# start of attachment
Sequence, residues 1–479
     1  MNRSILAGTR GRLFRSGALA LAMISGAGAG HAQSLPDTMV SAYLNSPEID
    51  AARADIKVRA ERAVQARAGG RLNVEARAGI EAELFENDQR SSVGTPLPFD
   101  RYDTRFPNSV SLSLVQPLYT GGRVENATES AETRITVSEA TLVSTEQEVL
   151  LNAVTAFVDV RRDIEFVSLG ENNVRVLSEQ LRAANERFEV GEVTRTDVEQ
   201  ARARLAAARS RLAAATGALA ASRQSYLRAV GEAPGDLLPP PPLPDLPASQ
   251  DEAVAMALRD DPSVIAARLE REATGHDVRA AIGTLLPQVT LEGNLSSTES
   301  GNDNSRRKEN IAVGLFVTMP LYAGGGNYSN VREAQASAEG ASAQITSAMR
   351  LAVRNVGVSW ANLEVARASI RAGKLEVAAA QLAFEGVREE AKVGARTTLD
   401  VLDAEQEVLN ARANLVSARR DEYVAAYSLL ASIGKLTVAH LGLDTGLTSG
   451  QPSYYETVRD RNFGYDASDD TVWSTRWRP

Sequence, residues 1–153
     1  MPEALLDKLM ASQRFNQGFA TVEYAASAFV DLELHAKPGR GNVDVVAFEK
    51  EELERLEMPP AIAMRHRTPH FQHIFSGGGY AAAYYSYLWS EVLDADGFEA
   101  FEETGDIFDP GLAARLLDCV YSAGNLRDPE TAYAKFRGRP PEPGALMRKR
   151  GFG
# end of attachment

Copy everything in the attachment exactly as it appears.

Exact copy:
Sequence, residues 1–479
     1  MNRSILAGTR GRLFRSGALA LAMISGAGAG HAQSLPDTMV SAYLNSPEID
    51  AARADIKVRA ERAVQARAGG RLNVEARAGI EAELFENDQR SSVGTPLPFD
   101  RYDTRFPNSV SLSLVQPLYT GGRVENATES AETRITVSEA TLVSTEQEVL
   151  LNAVTAFVDV RRDIEFVSLG ENNVRVLSEQ LRAANERFEV GEVTRTDVEQ
   201  ARARLAAARS RLAAATGALA ASRQSYLRAV GEAPGDLLPP PPLPDLPASQ
   251  DEAVAMALRD DPSVIAARLE REATGHDVRA AIGTLLPQVT LEGNLSSTES
   301  GNDNSRRKEN IAVGLFVTMP LYAGGGNYSN VREAQASAEG ASAQITSAMR
   351  LAVRNVGVSW ANLEVARASI RAGKLEVAAA QLAFEGVREE AKVGARTTLD
   401  VLDAEQEVLN ARANLVSARR DEYVAAYSLL ASIGKLTVAH LGLDTGLTSG
   451  QPSYYETVRD RNFGYDASDD TVWSTRWRP

Sequence, residues 1–153
     1  MPEALLDKLM ASQRFNQGFA TVEYAASAFV DLELHAKPGR GNVDVVAFEK
    51  EELERLEMPP AIAMRHRTPH FQHIFSGGGY AAAYYSYLWS EVLDADGFEA
   101  FEETGDIFDP GLAARLLDCV YSAGNLRDPE TAYAKFRGRP PEPGALMRKR
   151  GFG